Country estimates of child mortality and causes of under-five deaths Underfive mortality rank

Countries and areas

2012

1990

2000

2012

Liberia Libya Liechtenstein Lithuania Luxembourg Madagascar Malawi Malaysia Maldives Mali Malta Marshall Islands Mauritania Mauritius Mexico Micronesia (Federated States of) Monaco Mongolia Montenegro Morocco Mozambique Myanmar Namibia Nauru Nepal Netherlands New Zealand Nicaragua Niger Nigeria Niue Norway Oman Pakistan Palau Panama Papua New Guinea Paraguay Peru Philippines Poland Portugal Qatar Republic of Korea Republic of Moldova Romania Russian Federation Rwanda Saint Kitts and Nevis Saint Lucia

32 116 – 161 194 46 38 141 132 8 150 66 27 116 112 64 170 78 157 72 22 55 64 67 59 170 157 82 10 9 81 185 129 26 91 97 41 88 100 75 161 170 150 170 100 129 136 50 141 100

248 43 – 17 9 159 244 17 94 253 11 49 128 23 46 55 8 107 17 80 233 106 73 58 142 8 11 66 326 213 14 9 39 138 34 32 89 46 79 59 17 15 21 7 32 38 26 151 29 22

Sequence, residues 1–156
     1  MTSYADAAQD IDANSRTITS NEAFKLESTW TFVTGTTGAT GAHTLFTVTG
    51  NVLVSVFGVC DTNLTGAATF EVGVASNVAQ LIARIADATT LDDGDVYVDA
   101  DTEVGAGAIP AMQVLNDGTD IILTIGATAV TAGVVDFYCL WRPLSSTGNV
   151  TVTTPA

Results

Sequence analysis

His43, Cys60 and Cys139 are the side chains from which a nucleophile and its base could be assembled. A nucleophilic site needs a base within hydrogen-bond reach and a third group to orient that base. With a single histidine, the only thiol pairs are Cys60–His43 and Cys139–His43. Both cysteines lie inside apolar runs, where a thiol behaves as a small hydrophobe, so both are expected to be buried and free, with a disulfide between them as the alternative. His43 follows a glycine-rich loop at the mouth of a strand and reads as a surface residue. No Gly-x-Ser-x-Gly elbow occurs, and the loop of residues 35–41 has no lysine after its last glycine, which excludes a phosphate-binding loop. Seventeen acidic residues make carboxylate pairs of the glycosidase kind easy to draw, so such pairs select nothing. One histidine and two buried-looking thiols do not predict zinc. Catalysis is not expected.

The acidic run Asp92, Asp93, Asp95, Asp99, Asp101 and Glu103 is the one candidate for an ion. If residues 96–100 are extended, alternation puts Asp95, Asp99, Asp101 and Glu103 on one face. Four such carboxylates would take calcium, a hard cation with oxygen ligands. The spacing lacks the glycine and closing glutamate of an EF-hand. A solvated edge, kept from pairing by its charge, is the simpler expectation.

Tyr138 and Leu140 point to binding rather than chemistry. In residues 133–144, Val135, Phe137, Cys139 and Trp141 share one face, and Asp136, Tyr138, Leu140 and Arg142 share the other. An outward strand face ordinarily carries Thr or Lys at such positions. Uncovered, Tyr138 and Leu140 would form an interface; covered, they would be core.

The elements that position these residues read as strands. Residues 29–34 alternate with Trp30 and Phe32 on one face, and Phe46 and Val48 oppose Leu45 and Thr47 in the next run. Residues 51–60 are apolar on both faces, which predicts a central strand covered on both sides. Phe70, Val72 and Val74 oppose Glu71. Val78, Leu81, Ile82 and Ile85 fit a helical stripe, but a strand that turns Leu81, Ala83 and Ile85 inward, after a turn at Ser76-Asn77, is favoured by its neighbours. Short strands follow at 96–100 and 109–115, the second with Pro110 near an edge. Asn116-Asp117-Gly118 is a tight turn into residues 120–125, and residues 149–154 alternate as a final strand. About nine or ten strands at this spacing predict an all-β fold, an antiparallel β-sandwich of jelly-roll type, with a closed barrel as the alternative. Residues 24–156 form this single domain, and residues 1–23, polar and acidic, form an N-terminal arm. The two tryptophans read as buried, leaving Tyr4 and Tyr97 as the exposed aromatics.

176 28 – 12 5 109 174 10 45 220 8 41 111 19 25 54 5 63 14 50 166 79 73 42 82 6 7 40 227 188 23 5 17 112 28 26 79 33 40 40 9 7 12 6 30 27 23 182 18 18

75 15 – 5 2 58 71 9 11 128 7 38 84 15 16 39 4 28 6 31 90 52 39 37 42 4 6 24 114 124 25 3 12 86 21 19 63 22 18 30 5 4 7 4 18 12 10 55 9 18

46

Number of Infant Number under-five mortality rate of infant deaths (deaths per deaths (thousands) 1,000 live (thousands) births)

Under-five mortality rate (deaths per 1,000 live births)

Decline (%) 1990–2012

70 64 – 68 75 63 71 49 89 49 40 23 34 34 65 30 51 74 65 61 61 51 47 36 71 51 49 63 65 42 -81 68 70 38 39 42 29 52 77 49 71 76 64 46 45 68 61 64 68 22

Annual rate of reduction (%) 1990–2012

1990

2012

5.4 4.7 – 5.1 6.2 4.6 5.6 3.0 10.0 3.1 2.3 1.2 1.9 1.9 4.8 1.6 3.3 6.2 4.8 4.3 4.3 3.2 2.9 2.0 5.6 3.2 3.1 4.5 4.8 2.5 -2.7 5.2 5.5 2.2 2.2 2.4 1.6 3.3 6.7 3.1 5.7 6.4 4.7 2.8 2.7 5.1 4.2 4.6 5.2 1.1